CSS(Cascading Style Sheets) is a rule-based language. It's used to style and lay out pages by defining specific groups of styles that get applied to elements or groups of elements.
Many people find themselves learning CSS in conjunction with HTML. Both languages work in unison (CSS rules style HTML elements) but due to its various concepts, CSS can often be frustrating and get confusing.
If you are just starting out, learn the following CSS concepts to gain a strong foundation and understanding of the rule-based language.
Please note: The descriptions below are a brief overview of each concept. Read the recommended reading to get in-depth explanations of each CSS concept.
The first step to gaining a stronger understanding of CSS is to learn how these three concepts together control which CSS rule applies to what element.
Cascade is the fundamental concept on how CSS was created. As the name suggests, Stylesheets cascade (top to bottom). This means that the order of CSS rules matter and when two rules apply that have equal specificity the one that comes last in the CSS is the one that will be used.
Some CSS property values set on parent elements are inherited by their child elements, and some aren't. This can often be confusing but the principle behind it is actually designed to allow us to write fewer CSS rules.
Properties such as 'color' and 'font-family' are inherited which is why we often use the BODY element to assign them to.
It is also worth knowing that every CSS property accepts four values to control inheritance essentially being able to turn inheritance "on and off".
As multiple rules apply to an element conflicting rules are sorted and applied by specificity. Each selector has a different specificity ranking which are:
- Class and Pseudo Class's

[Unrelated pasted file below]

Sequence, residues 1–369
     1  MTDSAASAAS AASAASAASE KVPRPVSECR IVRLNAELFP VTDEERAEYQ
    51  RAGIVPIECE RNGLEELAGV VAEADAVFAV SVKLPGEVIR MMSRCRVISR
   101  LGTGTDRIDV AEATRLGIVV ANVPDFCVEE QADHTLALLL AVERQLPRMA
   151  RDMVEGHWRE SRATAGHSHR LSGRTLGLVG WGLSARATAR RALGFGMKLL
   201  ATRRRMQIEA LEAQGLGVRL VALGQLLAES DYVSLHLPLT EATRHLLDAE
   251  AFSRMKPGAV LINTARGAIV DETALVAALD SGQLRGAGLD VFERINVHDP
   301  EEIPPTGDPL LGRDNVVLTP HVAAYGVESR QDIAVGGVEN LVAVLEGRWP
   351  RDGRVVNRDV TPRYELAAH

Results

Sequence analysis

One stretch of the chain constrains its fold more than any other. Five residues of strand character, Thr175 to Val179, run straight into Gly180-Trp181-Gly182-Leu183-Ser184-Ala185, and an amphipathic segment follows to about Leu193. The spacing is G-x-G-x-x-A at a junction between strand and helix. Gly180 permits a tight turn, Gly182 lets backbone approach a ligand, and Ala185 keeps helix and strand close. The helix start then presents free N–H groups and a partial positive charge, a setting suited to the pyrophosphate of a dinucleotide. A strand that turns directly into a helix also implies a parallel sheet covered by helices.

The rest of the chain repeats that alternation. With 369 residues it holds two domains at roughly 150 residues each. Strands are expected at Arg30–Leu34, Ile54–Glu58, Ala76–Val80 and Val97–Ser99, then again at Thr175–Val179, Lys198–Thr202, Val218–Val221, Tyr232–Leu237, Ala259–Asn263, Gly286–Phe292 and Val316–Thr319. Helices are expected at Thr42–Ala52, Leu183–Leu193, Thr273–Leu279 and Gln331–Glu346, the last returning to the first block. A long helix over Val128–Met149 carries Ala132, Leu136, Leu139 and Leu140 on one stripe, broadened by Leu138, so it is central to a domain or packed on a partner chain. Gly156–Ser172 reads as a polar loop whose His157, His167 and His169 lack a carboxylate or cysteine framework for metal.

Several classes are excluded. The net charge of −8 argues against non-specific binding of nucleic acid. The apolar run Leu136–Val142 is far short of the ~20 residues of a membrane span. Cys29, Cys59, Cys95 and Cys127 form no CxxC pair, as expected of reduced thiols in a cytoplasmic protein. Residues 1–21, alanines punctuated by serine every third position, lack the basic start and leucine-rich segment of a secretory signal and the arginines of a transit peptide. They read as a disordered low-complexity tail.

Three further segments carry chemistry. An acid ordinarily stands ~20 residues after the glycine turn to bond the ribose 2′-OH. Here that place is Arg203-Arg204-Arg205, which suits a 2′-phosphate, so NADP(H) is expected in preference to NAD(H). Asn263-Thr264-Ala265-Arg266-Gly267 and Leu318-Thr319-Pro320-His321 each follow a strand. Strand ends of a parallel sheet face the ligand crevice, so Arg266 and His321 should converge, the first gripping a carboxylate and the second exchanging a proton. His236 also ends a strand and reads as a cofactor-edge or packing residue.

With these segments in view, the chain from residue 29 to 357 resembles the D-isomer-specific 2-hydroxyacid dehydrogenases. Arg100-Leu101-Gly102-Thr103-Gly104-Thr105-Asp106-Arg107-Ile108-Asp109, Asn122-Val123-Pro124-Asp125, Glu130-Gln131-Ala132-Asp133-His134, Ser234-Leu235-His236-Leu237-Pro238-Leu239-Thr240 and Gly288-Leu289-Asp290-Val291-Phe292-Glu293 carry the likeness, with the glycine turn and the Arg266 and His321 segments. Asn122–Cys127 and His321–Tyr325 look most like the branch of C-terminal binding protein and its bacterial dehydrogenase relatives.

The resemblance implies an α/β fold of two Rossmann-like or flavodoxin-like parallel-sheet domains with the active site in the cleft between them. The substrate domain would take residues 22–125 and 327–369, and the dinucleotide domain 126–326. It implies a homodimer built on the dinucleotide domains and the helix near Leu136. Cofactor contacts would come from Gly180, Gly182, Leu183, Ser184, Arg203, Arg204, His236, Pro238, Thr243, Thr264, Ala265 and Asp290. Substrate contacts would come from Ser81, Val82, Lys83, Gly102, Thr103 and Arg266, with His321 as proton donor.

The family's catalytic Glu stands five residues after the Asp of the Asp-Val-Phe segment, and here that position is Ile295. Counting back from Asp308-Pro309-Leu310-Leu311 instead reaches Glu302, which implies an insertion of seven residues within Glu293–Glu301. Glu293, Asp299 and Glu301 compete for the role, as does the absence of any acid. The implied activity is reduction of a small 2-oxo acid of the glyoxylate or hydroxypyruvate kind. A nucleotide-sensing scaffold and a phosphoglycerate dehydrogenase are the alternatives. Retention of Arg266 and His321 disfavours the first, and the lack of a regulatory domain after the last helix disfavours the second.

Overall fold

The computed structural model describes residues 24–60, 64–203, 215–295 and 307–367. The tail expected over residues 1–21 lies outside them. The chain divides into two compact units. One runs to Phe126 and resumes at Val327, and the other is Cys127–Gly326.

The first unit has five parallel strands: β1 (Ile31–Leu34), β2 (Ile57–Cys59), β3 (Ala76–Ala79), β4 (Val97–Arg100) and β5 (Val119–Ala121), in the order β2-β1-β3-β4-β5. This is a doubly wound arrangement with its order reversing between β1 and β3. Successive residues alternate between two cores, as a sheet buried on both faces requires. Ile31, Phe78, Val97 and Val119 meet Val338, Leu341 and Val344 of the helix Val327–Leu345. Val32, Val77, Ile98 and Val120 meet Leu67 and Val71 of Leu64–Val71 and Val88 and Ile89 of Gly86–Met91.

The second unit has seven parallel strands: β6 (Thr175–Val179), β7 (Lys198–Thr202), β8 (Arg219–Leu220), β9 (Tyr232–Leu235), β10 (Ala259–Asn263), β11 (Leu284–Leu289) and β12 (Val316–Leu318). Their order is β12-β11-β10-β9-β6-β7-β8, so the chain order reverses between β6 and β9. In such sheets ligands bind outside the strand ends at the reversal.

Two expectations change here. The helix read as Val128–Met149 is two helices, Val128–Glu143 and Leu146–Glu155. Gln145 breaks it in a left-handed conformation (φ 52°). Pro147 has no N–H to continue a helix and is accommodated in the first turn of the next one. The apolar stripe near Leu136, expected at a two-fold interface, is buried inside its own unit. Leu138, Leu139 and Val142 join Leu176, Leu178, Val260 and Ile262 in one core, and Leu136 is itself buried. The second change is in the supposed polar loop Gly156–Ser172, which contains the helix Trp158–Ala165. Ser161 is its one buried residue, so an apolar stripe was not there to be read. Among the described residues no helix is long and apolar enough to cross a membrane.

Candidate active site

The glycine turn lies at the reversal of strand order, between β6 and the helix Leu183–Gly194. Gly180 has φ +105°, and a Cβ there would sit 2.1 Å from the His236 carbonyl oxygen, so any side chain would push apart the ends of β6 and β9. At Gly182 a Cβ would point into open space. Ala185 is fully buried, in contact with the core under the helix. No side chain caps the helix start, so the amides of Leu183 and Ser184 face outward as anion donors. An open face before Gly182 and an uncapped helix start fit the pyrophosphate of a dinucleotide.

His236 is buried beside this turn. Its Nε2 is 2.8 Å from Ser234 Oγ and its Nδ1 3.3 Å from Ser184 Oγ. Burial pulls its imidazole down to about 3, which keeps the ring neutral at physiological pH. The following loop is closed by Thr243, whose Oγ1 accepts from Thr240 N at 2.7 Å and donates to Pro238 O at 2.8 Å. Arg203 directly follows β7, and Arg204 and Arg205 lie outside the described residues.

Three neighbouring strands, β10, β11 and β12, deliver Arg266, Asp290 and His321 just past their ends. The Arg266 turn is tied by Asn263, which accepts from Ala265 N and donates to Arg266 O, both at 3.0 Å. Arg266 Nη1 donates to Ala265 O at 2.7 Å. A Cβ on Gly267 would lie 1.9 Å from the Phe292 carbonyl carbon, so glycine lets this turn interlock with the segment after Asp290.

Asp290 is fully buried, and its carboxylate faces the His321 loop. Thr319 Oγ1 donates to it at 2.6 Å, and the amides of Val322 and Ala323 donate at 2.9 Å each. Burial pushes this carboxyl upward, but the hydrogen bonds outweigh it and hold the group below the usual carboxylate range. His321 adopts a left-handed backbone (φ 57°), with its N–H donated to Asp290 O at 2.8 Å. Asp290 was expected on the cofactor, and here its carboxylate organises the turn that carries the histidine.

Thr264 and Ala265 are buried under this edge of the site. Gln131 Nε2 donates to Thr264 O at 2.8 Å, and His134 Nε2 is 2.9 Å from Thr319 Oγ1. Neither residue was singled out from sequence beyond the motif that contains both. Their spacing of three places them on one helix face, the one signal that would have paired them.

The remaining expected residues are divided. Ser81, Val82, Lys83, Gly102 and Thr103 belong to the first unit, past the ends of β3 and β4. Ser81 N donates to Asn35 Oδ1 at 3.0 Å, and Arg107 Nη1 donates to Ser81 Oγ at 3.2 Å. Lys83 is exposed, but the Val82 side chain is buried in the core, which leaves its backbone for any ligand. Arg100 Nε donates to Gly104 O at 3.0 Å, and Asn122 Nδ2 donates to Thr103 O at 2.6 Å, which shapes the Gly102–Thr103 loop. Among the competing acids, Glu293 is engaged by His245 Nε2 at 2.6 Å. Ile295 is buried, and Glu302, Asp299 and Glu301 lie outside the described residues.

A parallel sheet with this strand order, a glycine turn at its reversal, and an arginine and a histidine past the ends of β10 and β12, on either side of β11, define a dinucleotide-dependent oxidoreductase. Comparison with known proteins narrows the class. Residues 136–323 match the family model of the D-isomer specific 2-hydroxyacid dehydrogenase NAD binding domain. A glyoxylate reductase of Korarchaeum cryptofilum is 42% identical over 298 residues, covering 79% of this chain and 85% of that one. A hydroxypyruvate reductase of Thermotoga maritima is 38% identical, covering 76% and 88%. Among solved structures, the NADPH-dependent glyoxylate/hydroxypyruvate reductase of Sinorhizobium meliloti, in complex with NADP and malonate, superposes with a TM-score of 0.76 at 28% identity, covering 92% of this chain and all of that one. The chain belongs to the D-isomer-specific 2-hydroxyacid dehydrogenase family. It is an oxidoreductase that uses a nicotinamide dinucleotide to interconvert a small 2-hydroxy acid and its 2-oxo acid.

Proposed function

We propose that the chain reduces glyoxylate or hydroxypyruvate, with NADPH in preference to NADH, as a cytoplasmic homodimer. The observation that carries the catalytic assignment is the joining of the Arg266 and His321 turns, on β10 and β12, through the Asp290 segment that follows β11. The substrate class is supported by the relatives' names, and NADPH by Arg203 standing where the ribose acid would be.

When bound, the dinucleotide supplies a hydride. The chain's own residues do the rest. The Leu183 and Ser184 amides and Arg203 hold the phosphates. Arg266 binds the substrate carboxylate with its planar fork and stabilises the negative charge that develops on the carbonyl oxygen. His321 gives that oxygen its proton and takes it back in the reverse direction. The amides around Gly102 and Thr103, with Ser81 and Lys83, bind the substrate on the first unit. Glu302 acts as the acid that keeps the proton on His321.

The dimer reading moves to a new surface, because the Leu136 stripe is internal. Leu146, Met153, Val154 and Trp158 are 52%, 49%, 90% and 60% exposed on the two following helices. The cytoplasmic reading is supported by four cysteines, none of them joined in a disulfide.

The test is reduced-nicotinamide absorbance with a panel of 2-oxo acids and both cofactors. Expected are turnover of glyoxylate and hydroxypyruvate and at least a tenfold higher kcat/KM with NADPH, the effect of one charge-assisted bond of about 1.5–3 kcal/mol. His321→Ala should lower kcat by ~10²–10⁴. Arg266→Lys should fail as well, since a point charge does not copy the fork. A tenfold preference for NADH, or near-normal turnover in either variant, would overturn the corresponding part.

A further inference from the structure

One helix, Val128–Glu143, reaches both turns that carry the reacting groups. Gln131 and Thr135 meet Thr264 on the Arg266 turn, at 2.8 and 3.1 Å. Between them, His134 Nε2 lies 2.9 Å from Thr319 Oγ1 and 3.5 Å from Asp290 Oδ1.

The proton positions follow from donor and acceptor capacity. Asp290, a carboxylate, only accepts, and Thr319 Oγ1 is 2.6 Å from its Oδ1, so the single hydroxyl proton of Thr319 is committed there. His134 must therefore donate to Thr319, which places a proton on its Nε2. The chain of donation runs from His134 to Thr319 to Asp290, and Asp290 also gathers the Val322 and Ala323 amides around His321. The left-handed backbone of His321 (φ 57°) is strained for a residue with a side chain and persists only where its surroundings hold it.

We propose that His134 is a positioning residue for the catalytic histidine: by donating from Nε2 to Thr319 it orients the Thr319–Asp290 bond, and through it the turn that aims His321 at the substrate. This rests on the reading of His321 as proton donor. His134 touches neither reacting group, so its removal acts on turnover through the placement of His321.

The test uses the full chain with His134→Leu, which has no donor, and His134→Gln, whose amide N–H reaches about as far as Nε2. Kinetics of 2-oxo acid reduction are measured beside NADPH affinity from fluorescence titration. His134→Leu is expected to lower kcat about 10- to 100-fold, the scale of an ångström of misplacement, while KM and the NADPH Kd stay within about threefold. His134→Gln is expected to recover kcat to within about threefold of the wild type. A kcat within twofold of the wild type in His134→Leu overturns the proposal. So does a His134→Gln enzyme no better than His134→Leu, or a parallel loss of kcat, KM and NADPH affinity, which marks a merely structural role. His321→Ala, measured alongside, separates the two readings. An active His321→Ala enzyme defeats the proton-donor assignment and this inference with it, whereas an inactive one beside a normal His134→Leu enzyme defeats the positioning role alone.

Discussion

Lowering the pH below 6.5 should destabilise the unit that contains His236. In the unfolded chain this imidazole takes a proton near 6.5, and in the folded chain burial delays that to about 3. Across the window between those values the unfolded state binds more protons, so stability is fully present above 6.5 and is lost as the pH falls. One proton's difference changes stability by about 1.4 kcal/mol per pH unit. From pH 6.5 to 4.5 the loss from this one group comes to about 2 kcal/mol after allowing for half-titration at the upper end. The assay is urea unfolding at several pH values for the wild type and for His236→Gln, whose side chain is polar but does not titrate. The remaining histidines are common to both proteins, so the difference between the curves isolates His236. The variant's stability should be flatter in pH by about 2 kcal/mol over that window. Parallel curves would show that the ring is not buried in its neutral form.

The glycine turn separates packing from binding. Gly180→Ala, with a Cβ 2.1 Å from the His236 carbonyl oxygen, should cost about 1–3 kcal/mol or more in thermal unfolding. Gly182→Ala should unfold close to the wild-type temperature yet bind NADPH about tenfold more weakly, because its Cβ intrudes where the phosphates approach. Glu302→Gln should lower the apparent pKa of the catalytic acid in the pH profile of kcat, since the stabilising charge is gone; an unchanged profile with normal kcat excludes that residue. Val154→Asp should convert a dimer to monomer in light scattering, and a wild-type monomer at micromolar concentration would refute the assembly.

- Element selectors
As rules conflict, CSS determines the rule with the highest specificity and applies it to the element.
- MDN's - Cascade and Inheritance
- Simmons - CSS Inheritance, Cascade, and Specificity
- Emma Bostian's - CSS Specificity
- Specificity Calculator
The !important property in CSS overrides any specified rules and makes sure the rule denoted by !important is applied. Without understanding the three concepts above, it is easy to get into the habit of using !important on every property that doesn't get applied as expected.
However, it's important to understand that most developers consider the use of !important an anti-pattern. Read the articles recommended below to grasp a better understanding of when and how to use !important.
CSS Media Queries are used to change the style of your site depending on what screen resolution or device is being used.
Media Queries can be combined to create specific scenarios for when you want to apply certain rules to that situation. This created and allowed the concept of responsive and adaptive design to work coherently in the browser.
If you'd like to learn how to define, use and understand CSS Media Queries, check out the recommend reading below.
- Web.Dev's - Responsive Basics
- Udacity's - Responsive Web Design Fundamentals
- MDN's - Using Media Queries
- CSS Trick's - CSS Media Queries
Over the years it's become apparent that CSS isn't easy to grasp or master. Thankfully as the language has evolved, concepts like Flexbox and Grid have been introduced. They both offer a solution that makes positioning and page layout much easier, faster and responsive.
CSS Grid Layout is a two-dimensional layout system. It lets you lay content out in rows and columns, and has many features that make building complex layouts straightforward.
Flexbox layout is a direction based layout system. It gives you ability to alter its items’ width, height and order to best fill the available space.
- MDN's - Grids
- Grid Garden
- CSS Trick's - A Complete Guide to Flexbox
- FreeCodeCamps - How Flexbox Works
- Flexbox Froggy
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